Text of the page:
The girl advanced to the window and stood at her side.

“You can breakfast here when it’s hot—we often did. There’s a card table, on the landing, that just fits with a tight squeeze.”

‘‘But that’s months away—summer! We may be gone. You may be back.”

‘‘I don’t think so.”

The woman shut the jewels into the jewel case. Then, as if on an unwilling impulse, she turned back.

The girl’s hands hung at her sides, limply. Her eyes were fixed on the half-filled trunk on the floor.

“Are you cold? Why, you’re shivering!” the woman said gently. “Go downstairs and sit by the fire while I make the tea.”

The woman came into the living room, moving briskly, and smiling as she set down the tray on a low stool by her chair.

“It’s a nice solid tray—what they call ‘butler’s mahogany.’ The teapot’s a bit chipped, but it pours all right if you take care. Have some jam—it’s our own. From the front garden. Mulberry. Perhaps you’ll be able to make some yourself next year. There’s a recipe there on the shelf—in Mrs. Beeton—”

The girl did not answer. She probably had not heard. She knelt on the hearthrug, a book beside her, her red socks, red sweater, her forward-falling hair, the firelight that outlined her face, all somehow sharpening her youthfulness.

She looked up without speaking.

The clock seemed to tick louder. The chrysanthemum scent deepened. The coal purred in the grate.

“Is there anything wrong?” the woman asked at last, quietly. “I thought, in the bedroom, you seemed—upset or unwell. If you’re worried about the house, you really needn’t be.

I know you can let it again, any day of the week.”

“It’s not that. It’s nothing.

I’m silly,” the girl said, too quickly. “It’s just the feeling you get when people pack. That nothing stays the same, that everything’s changing—” “Yes—packing’s depressing!” the woman lightly agreed.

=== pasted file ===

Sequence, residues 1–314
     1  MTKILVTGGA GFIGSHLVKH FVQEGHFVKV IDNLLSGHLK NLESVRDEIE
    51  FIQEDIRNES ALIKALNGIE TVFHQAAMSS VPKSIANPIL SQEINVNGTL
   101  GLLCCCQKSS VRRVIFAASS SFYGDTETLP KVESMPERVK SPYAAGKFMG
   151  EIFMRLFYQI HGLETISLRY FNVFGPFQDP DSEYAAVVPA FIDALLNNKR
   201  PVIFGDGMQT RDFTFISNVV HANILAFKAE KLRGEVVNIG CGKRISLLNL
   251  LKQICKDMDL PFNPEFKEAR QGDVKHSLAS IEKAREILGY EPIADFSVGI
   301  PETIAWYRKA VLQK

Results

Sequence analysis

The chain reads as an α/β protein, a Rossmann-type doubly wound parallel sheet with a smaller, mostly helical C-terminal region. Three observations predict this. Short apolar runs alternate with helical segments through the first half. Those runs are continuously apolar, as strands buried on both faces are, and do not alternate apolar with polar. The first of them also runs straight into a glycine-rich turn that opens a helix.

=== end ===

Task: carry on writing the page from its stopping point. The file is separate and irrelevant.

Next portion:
Continued on page 27

Hearts To Let

Continued from page 9

The girl met her eyes.

The two women looked at each other, as if groping for contact, yet struggling to be free.

The girl spoke.

“I didn’t come here about the boiler. That wasn’t true. I came about—you and me.”

The silence spun out. “1 don’t . . . quite understand you.” “I sound crazy! But when I came to this house, the very first time—when the agent showed Nigel and me round. —I got the queer feeling . . . that you knew; you could tell me.”

“Tell you — what?” asked the woman.

“If I ask you, will you promise to tell me the truth?” ,

“I promise to try.”

The girl hunched her thin shoulders, and pressed her tightly clasped hands against her knees. “Can it happen— outside of books—a good marriage?” Her voice was a whisper. “Does it really happen? Did it happen to you?”

THE woman got up and stood looking out of the window, one hand on the curtain patterned with fleur-de-

“The truth? That isn’t an easy thing to tell anyone.”

Her voice came softly and slowly. She stood very still. The twilight engulfed her.

Alone in the firelight, and almost as if to herself, the girl spoke: “I’m

crazy to tell you all this—an absolute st ranger. And yet . . . because you’re a stranger . . . that’s why I can. I’m in a panic”—the words came rushing out of her “I’m in an absolute panic —you’ve probably guessed. About Nigel. About getting married. About everything! But it isn’t—I know that —what people call ‘bridal nerves.’ I love Nigel most frightfully”—she shut her eyes—“most frightfully. But . . “But what?”

“But where does that get you— loving a man? All the people I know who liate each other and loathe marriage and mess everything up and get divorced . . . didn’t they love each other -once? Didn’t they feel what we feel? What difference is there? How can anyone tell?”

Her hand reached out for the book at her side, blindly.

“When I came here the first time I simply couldn’t believe it. Not just getting this place—though that was incredible luck. But ... I got the feel, in this house, of a really good marriage. I know it sounds silly. I can’t help it. I knew. Every stick in this house is like . . . part of a history. Somehow alive and . . . oh, I don’t know, real. The mirror there on the wall, and the chairs and the carpet. The boiler downstairs”—she laughed— “The mulberry. Your view. This book” — she touched it — “and the brooch in your bedroom. Even”—she smiled—“this ‘butler’s mahogany’ tray. They didn’t just happen. They’re part of something real. Aren’t they?” An unsteady hand went to her forehead. “Aren't they? Or did I just— make all this up?”